During that time, I felt so close to God. It felt like every fibre of my being was consumed with praising Him. One thought crossed my mind: I'm ready. I was ready for the Lord to return at that very moment. I realized that THAT is how I want God to find me when the last trumpet sounds--praising, worshipping, and serving Him.

So often in my life I sin . . . and I do things that I would be ashamed to have Christ find me doing. The truth is--He DOES find me doing them every day. The thought is so convicting, and I am determined to put on the Armor of God and to wage a serious war on my sin.

Christians often put a lot of emphasis on liberty. I'm tired of this in my own life. I want to stop focusing on the silly, trivial things and put all of my energy toward serving God, striving toward holiness, and finding out how I may better please Him. Just because I can do X,Y, or Z does not mean that I should. How would God want me to spend my time?

This past Sunday we went to the nursing home. I almost broke down when I saw a woman (not one of our regulars) dancing in her bed as we sang praise to God. She could not get up, but she could move her body . . . and move she did as she worshipped God and let her joy overflow.

The truth is that I was tired, and I had to force myself to go and serve others instead of staying home and taking a nap. It was well worth it. What I want to do often seems to be the easier, more fun, cool thing to do; however, what God wants me to do usually turns out to be the better thing, the thing that brings me the most encouragement, fulfillment, and joy.

By the grace and help of God, I want to strive to put down my flesh and what I want to do and to race toward the light and doing what God requires of me. In doing this, I hope that I will be found doing His will and delighting in Him when He returns that I may be a good and faithful servant to the Lord.

Tuesday, January 19, 2010

Your Sin Will ALWAYS Find You Out

My mom is a pretty wise woman. Wiser than pretty much any other woman that I know. For the past week, I have been thinking about something that she always told us growing up: "Your sin will always find you out whether in this life or the next." And it always did . . . in this life for some reason. I don't think that it had anything to do with her having eyes in the back of her head or ears in every room of the house (benefits of being a mom, I guess). Rather, I think that it had something to do with the following verses:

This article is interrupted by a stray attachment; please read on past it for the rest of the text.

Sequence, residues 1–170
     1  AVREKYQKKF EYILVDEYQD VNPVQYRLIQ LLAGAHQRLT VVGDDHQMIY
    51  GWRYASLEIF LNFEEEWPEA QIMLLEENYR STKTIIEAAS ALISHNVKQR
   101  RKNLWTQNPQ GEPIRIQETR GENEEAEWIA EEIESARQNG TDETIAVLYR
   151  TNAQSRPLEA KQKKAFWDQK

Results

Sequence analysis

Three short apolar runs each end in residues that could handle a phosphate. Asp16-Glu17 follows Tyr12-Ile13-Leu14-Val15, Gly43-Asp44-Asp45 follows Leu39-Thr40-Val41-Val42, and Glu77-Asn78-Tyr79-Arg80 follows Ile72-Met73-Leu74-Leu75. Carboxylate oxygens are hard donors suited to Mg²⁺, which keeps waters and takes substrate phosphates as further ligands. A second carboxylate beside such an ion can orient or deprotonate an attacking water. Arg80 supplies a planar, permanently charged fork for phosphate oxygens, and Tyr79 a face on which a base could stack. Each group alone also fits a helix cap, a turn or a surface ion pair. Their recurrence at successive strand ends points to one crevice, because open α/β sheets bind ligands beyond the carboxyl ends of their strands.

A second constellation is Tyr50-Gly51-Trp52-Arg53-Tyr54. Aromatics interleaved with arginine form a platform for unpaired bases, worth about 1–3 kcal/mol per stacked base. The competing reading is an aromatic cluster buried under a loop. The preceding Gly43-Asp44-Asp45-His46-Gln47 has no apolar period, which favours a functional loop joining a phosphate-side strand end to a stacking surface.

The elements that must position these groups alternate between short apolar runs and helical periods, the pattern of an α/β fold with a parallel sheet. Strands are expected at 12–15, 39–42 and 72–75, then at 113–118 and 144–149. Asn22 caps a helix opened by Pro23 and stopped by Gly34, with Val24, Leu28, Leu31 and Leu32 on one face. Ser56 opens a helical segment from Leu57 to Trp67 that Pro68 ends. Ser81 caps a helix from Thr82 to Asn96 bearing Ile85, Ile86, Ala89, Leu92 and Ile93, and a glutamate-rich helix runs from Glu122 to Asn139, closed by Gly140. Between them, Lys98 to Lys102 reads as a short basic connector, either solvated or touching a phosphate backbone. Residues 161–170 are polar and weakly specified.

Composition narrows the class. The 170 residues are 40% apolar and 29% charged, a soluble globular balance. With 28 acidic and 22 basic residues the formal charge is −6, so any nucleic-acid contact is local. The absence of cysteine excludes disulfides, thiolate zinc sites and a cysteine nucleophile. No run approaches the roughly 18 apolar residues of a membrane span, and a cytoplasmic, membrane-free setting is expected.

John 3:20 For everyone practicing evil hates the light and does not come to the light, lest his deeds should be exposed.

Eph. 5:13 But all things that are exposed are made manifest by the light, for whatever makes manifest is light.

God is light, and He will expose sin. You may think that you're getting away with something, but God has other plans.

Deu 32:25 Vengeance is Mine, and recompense; Their foot shall slip in [due] time; For the day of their calamity [is] at hand, And the things to come hasten upon them.

Now this is probably one of the most infamous verses in the Bible because of Jonathan Edwards' famous sermon "Sinners in the Hands of an Angry God." While this sermon generally has a bad reputation because of bad American lit. teachers in public schools, it is actually a fantastic sermon . . . and one that is very much true.

The following excerpt from Edwards' sermon (in italics) is both interesting and poignant:

The expression I have chosen for my text, their foot shall slide in due time, seems to imply the following things, relating to the punishment and destruction to which these wicked Israelites were exposed.

  1. That they were always exposed to destruction; as one that stands or walks in slippery places is always exposed to fall. This is implied in the manner of their destruction coming upon them, being represented by their foot sliding. The same is expressed, Psalm 73:18. "Surely thou didst set them in slippery places; thou castedst them down into destruction."

  2. It implies, that they were always exposed to sudden unexpected destruction. As he that walks in slippery places is every moment liable to fall, he cannot foresee one moment whether he shall stand or fall the next; and when he does fall, he falls at once without warning: Which is also expressed in Psalm 73:18,19. "Surely thou didst set them in slippery places; thou castedst them down into destruction: How are they brought into desolation as in a moment!"

  3. Another thing implied is, that they are liable to fall of themselves, without being thrown down by the hand of another; as he that stands or walks on slippery ground needs nothing but his own weight to throw him down.